A Mood for Celebration? The Festivals Help

Anish Masand
5 min readDec 11, 2020

What is celebration? Is it the bells and jingle during Christmas? Is it the firecrackers and dressing up on Diwali? Is it the colors and dancing on Holi? Is it really all these things; or is it the togetherness we feel on these special occasions?

Think about it. The people, the smiles, the being together, despite any interruptions. Festivals are for official holidays where our minds are nowhere else but with family and friends. Making the most of a day off; being together, eating together and laughing together. This year has been tough on a lot of us. It has been heavy. Some of us have lost jobs, some have gained more work, some have lost homes, some have been away from home for too long and some of us merely, have had a hard time being indoors. Cabin fever is a thing. It is unbearable for a lot of people. It drives us insane. It makes us do things that we never thought we would. Overthinking, fighting, suicide; take your pick. 2020 has made us see it all.

But the end of the year brings with it silent, quiet, warm joy. October, November and December are my favourite months. Because despite the hate and hurt, we still want to celebrate. There is always something to make you smile in these months — whether it is Diwali, Thanksgiving, Gurupurab, Christmas or New Year’s Eve. They are our anchors for happiness; a hope for a better year ahead. A time to be thankful for the one thing in our lives that never changes; family, friends and love. We realise how rich we are, how lucky we are to have people around that love us and care for us. That life is not always about working hard and making money. It was about slowing down and enjoying what’s with us; today.

Christmas holds a special place in my heart. For two reasons; it was the festival that came right after we lost our grandmother, and because it is my sister’s favourite season. It gives her immense joy: whether it is the movies, the eating great food, the lights all around, the music we hear or simply having her family together on nights to enjoy a cup of hot chocolate and get fuzzy. Life is simple for her; it is about celebrating “JOY”. It is a different kind of celebration. Not to celebrate a person, not to celebrate a God, or even an event. It is simply put, to celebrate a feeling.

I, for one, am a sour person most of the time. I have my deep thoughts; I tend to get lost in them. I feel anguish, sadness and anger very strongly. It is rarely that I feel happiness and a sort of lightness; but most times, it is during the month of December. For me, it holds a different meaning. It means that the year has come to a close. The mistakes I made, the faults I displayed and the people I hurt; that all goes in the past. A new year could be better. That’s what it looks like, on the inside of my mind. But still, December holds its place for me. It is the month where I put everything behind me, and just hope for a better next year. So, essentially, a festival holds special meaning for everyone. It doesn’t have to feel the same way.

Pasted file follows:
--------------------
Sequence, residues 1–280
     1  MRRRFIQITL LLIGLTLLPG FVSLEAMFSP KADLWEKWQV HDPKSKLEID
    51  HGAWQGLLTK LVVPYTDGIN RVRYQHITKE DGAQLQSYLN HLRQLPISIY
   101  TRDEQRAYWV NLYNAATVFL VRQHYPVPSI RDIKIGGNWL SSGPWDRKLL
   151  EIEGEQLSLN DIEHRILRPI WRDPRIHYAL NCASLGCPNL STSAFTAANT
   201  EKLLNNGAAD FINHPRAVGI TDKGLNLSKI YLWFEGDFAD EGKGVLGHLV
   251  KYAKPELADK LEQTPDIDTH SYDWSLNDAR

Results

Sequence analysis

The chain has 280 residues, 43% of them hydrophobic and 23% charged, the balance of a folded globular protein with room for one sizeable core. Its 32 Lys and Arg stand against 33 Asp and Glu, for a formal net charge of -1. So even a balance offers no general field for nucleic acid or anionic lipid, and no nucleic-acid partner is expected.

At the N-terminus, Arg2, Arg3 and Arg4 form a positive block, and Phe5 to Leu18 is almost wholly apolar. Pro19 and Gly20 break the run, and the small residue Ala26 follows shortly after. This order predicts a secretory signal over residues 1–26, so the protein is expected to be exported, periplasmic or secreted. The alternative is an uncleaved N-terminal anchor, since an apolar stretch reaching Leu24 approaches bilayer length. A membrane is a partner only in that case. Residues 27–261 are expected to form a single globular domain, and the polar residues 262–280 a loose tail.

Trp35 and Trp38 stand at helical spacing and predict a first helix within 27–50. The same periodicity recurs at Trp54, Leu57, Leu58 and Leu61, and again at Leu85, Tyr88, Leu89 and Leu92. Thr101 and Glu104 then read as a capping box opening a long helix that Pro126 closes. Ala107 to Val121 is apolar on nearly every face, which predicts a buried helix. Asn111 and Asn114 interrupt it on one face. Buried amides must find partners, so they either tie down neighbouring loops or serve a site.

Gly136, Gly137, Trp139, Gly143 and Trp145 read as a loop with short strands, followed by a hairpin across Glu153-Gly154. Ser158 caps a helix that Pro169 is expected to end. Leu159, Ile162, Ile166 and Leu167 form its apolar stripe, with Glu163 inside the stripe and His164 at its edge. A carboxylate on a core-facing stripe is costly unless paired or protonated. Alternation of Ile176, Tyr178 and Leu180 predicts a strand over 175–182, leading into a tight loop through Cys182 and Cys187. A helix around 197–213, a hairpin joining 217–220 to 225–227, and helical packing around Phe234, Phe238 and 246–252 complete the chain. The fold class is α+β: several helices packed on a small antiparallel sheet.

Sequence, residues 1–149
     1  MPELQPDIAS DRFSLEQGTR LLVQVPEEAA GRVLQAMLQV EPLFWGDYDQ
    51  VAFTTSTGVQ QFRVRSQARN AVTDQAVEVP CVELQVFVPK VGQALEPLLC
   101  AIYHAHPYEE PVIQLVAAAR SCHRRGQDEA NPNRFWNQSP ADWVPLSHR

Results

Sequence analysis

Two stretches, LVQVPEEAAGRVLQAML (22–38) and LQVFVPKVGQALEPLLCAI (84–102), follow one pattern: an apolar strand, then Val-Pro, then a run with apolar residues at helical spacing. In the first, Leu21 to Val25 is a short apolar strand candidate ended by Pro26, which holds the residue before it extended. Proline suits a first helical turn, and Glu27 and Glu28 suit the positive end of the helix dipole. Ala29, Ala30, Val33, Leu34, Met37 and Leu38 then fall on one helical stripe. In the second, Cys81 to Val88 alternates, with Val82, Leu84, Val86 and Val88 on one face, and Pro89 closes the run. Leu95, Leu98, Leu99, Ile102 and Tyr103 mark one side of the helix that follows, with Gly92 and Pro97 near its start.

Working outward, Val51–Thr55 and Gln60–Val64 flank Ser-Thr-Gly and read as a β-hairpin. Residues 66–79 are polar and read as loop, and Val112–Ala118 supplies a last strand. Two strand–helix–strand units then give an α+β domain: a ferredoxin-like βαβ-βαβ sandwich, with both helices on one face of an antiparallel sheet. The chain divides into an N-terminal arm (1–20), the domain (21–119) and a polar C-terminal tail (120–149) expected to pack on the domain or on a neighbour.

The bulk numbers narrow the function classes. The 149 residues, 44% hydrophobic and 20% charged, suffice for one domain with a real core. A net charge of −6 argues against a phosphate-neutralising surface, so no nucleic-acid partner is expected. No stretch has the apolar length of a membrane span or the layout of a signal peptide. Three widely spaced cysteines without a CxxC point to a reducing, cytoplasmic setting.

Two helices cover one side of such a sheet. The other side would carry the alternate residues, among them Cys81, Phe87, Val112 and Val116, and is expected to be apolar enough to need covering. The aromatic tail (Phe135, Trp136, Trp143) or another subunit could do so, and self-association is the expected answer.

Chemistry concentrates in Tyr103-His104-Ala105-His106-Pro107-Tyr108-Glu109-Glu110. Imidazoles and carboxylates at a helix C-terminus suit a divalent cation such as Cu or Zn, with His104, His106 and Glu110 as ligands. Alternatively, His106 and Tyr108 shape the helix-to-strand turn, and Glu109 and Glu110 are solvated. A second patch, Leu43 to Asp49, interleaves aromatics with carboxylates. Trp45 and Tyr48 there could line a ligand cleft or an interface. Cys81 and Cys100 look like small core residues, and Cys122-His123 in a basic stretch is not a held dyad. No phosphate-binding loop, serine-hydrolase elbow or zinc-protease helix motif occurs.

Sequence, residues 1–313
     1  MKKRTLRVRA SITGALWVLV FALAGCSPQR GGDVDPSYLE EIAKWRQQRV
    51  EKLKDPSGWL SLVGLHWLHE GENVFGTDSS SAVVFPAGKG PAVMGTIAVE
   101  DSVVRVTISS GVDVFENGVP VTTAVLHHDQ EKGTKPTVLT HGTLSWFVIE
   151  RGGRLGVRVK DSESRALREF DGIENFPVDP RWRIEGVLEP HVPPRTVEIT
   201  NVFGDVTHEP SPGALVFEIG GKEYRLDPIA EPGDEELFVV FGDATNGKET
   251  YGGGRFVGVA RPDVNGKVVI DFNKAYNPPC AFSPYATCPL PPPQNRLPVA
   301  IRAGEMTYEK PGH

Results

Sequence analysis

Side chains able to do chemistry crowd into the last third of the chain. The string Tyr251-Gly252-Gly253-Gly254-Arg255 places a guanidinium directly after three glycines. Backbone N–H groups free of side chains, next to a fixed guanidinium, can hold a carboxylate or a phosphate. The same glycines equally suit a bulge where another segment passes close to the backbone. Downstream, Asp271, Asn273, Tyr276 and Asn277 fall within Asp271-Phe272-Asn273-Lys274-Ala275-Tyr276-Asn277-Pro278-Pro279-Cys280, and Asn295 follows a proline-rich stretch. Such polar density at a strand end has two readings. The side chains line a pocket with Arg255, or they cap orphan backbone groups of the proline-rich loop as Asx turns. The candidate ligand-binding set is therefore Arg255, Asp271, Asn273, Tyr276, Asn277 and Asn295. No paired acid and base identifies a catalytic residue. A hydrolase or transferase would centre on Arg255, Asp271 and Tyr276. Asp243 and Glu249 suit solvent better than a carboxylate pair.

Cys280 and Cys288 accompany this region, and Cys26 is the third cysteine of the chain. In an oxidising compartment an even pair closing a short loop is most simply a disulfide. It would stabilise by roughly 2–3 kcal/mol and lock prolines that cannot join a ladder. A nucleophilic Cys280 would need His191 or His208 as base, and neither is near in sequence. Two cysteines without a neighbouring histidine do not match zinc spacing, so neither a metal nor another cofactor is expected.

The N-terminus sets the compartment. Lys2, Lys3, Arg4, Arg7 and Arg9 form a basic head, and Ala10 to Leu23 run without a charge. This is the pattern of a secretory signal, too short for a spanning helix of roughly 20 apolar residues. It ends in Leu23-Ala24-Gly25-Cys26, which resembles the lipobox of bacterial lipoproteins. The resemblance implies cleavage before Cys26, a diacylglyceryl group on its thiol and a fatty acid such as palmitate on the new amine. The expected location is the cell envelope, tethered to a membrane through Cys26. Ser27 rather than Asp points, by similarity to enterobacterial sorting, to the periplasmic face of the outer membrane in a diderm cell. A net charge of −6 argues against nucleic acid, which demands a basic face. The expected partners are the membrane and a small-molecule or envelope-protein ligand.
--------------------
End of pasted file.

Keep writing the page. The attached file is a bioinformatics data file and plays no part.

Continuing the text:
For my sweet, loving Mama, festivals are a beacon of hope. That things may get better (that her children may finally get married in the new year, haha!). She prays, she is religious. She enjoys giving a good chunk of her day to spirituality and religion. I do tend to agree with the first, but I am a bit iffy about the second one. But again, each to his own I guess. I developed my train of thoughts on this through my own experiences. But for her, religion plays an important role. Sitting in a gurdwara for me is about surrendering every emotion that I refuse to display to anyone. Breaking down when no one else can see me. But for her, it is about admiring what God is, and what he could be capable of. For her, it is about asking for a better future. For a happier tomorrow. I’m sure she has her negotiations too; I will fast for X days, if you give me Y happy days. Oh, humans are beautiful. So many different kinds. But, all beautiful in their own way.

But for Dad, festivals are special. They are the days that he truly gets to have his family with him. He is what you would generally call a ‘vagabond’. Not in the sense that he travels a lot. But in the sense that he has various thoughts but cannot fix his mind on one. It is about going from one city to another every week, and sometimes to his factory very often to find a way to make work ‘work’. I guess that’s how the life of a businessman is. Decisions are many, time is little. But whichever festival you put your finger on, he will try to celebrate it. Because those are days he has with his daughters and the love of his life. They are his days. They are uninterrupted days. They are purely for him to feel at peace.

This is the variation of how one family perceives festivals. Imagine the gazillion other families in the world; festivals are a cause to celebrate for everyone. It is just about how they decide to celebrate it, what they look for in that celebration and how they feel joy. One man’s trash is always another man’s treasure. So, I will tell you this.

Life is a kaleidoscope of experiences. You will never know how one feels, unless you have experienced what they have. And even then, it may have an effect contrary to theirs; everyone’s wavelength and tolerance are different. So, this festive season, why not practice ‘Live and Let Live’?

Life is hard for everyone. Give yourself a break, give the ones near you a break. Life is beautiful, if you just live it. You don’t have to ace it; you just have to breathe and let things flow. Joy comes on its own; in a smile on a stranger on the street, or a laugh that you have been waiting to hear. It is a lot of things for a lot of people. Celebrate life. Celebrate joy. Celebrate ‘YOU’!

Week 50, December ‘20

Originally published at https://www.roadfolkmag.com on December 11, 2020.